I ask the Minister of State to detail the current state of play in counties Kildare and Laois as regards this year's summer provision programme and to outline the provision that will be made for those children who cannot access the service through their own school.

Photo of Josepha MadiganJosepha Madigan (Dublin Rathdown, Fine Gael)
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Before I respond to Senator O'Loughlin, I congratulate Senator Flynn on the passage of Second Stage of the Traveller Culture and History in Education Bill 2018 in the Dáil last week. It is important Traveller culture and history is embedded within the education sector.

I thank Senator O'Loughlin for raising this important matter. The needs of children with special educational needs and children at most risk of educational disadvantage are a huge priority for the Government. As correctly pointed out by the Senator, these children were adversely impacted by Covid-19 and the closure of schools. The Government provided guidance and support for schools throughout this period and put in place a supplementary tuition programme for these children in March this year.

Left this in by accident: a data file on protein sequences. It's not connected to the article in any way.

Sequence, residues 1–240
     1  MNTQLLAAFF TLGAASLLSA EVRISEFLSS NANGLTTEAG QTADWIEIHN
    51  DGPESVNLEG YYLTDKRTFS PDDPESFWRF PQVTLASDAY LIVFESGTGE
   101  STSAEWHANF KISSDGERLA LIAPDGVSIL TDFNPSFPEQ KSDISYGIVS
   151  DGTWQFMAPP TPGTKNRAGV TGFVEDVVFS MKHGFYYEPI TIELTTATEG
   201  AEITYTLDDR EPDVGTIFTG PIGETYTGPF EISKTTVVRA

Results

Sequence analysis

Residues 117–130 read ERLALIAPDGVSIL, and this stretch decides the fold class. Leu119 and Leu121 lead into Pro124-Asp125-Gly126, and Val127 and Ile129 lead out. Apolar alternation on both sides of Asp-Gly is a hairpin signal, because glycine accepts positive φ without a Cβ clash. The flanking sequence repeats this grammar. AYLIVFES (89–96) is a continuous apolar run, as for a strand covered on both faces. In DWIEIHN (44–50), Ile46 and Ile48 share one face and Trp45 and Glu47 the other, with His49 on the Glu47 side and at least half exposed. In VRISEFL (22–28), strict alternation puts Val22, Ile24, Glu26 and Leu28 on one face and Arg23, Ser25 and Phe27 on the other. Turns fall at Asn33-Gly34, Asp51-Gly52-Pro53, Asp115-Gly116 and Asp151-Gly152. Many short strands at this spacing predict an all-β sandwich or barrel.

In May 2021, the Government announced a package of supports to allow primary and post-primary schools to offer a summer programme for students with complex special educational needs and those at greatest risk of educational disadvantage as a Covid-19 pandemic response measure for summer 2021. As mentioned by the Senator, the funding is not the most important issue, but it is important to note that the funding for this year was doubled from €20 million to €40 million, a 100% increase on the allocation for summer programmes in 2020.

The programme was developed following extensive engagement with education stakeholders, parents and advocacy groups. It was important to me that any impediments or barriers to schools participating this year would be removed because we wanted to increase the uptake from last year. We wanted to maintain children's connection with education, build their confidence, increase their motivation and promote well-being for those who are at key transition stages. We also wanted to help to ensure that they continue their education journey in September, either in school or in further and higher education or training.

The programme on offer this summer includes a new two to three week summer programme to all primary schools and an expansion of the existing programmes in special schools and classes and in DEIS schools. Similar to last year, children with complex needs entering primary school next September are also eligible to participate in summer programmes. As I said, there was extensive consultation with education stakeholders and advocacy groups. The Senator will be aware that the closing date was 25 June. To date, almost one quarter, or 968, of the schools eligible to participate in the summer programme this year have registered their interest to provide 1,346 programmes over the summer.